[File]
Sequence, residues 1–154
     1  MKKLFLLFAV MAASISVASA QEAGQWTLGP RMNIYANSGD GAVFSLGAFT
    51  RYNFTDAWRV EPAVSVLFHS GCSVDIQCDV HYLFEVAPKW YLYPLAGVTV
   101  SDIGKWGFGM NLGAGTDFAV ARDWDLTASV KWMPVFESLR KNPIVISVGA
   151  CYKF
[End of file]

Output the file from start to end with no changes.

Sequence, residues 1–154
     1  MKKLFLLFAV MAASISVASA QEAGQWTLGP RMNIYANSGD GAVFSLGAFT
    51  RYNFTDAWRV EPAVSVLFHS GCSVDIQCDV HYLFEVAPKW YLYPLAGVTV
   101  SDIGKWGFGM NLGAGTDFAV ARDWDLTASV KWMPVFESLR KNPIVISVGA
   151  CYKF